Here's me on Friday, July 8:
We went out for pizza, which I paid for with heartburn that kept me up most of the night. This turned out to be very unfortunate timing. On Saturday morning, I was seeing floating lights so Raj took my blood pressure for just in case since vision disturbances are a symptom of preeclampsia but it was fine and the headache I expected to follow them hit just as we were getting to the farmers market. I took some Tylenol with my crepe and then felt better in time to shop for produce. By afternoon I gave Raj a heads up that I was having cramps, but they really just felt like period cramps and could be early labor but were most likely false labor. I didn't think I'd mind if they were the real deal though. As much as I'd been hoping all that time that Josephine would arrive on time or late to give us more time to get settled in, by the Thursday before, I was starting to feel uncomfortable enough to be fine with her arriving at any time.
By around six or seven, they were starting to feel like maybe contractions that were just on the mild side so I started timing. They were pretty erratic so again I figured maybe they were Braxton Hicks. Raj grilled dinner and we ate outside, then went for a walk around nine, which got the contractions going both stronger and closer together. We decided around 10:30 that this might be it so we should try to get some sleep. I ended up getting up around midnight, then waking Raj up at 1:00 when my water broke. I called labor and delivery while he got dressed and finished packing and we were off. Right as we were driving into the parking garage, the leak of my broken water turned into a gush and Raj let me out to leave a large puddle on the sidewalk while he went and parked. I squished all the way through the hospital in slippery flip flops and a truly soaked maternity maxi dress that I'd wrung out in the street and then held up on one side. It had a hole in it already, so once I was given a gown, it went straight into the trash.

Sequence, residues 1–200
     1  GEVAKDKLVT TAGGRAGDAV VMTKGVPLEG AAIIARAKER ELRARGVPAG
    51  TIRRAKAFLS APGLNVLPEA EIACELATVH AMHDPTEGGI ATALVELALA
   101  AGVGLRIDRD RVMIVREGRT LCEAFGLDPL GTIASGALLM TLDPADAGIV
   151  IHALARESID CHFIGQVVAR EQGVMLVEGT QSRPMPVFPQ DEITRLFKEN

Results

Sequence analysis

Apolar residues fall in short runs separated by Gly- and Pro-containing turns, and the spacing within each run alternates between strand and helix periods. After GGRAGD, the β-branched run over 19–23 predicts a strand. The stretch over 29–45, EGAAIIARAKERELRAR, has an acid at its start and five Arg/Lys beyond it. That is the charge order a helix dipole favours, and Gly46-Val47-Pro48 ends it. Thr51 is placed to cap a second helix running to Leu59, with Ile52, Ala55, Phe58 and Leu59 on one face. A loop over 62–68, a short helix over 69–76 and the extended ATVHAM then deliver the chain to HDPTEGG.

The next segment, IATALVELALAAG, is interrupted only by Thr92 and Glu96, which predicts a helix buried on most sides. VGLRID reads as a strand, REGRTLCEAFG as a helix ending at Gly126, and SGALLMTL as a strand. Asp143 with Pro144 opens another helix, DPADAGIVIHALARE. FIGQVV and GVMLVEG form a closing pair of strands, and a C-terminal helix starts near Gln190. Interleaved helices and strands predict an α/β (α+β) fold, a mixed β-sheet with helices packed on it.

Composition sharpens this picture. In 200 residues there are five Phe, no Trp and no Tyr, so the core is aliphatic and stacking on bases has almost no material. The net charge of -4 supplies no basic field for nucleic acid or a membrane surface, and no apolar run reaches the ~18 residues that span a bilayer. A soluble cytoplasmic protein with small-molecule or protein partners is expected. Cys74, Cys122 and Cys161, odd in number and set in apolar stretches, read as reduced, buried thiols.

I was pretty bummed when they checked me in triage and said I was only dilated to 3cm. I'd been hoping to be most of the way to 10cm so we could have a speedy delivery. The nurses told me they were on until 7am (it was around 2 at this time) and I said I hoped to be delivering before they were off, but they didn't seem to think it was a realistic possibility. Then they spent I don't even know how long trying to get an IV into me. It took three nurses and four different spots in my wrists and elbows before one succeeded. (My IV came out during delivery and had to be put back in after, so it was five sticks in all.) I ended up with this rather impressive bruise from the failed attempt at my right wrist.
Not to worry, this is the only birth-related injury that will be pictured here.
Once that was done, I was taken to a labor and delivery room. I was checked again and was already at 6cm. They hooked me up to monitors for the baby's heartbeat and my contractions. I'd been really hoping to do intermittent monitoring, where they would only check the baby's heartbeat at intervals so I wouldn't have to be hooked up to a monitor the whole time and would be free to stand and walk. The contractions were definitely more manageable when I was standing or sitting on an exercise ball than sitting or lying in bed. They were having a hard time getting the baby's heartbeat though so I kept being told I needed to stay on the monitor until they got 20 minutes of steady heartbeat. Then they weren't seeing movements from her, so I needed to get back into the bed so they could put in a probe that would attach to her scalp to monitor her heartbeat. Not the news I was hoping for since the contractions were getting noticeably more painful, so lying down sounded like a very bad idea. But it was clearly in the best interest of the baby. Back into bed I went.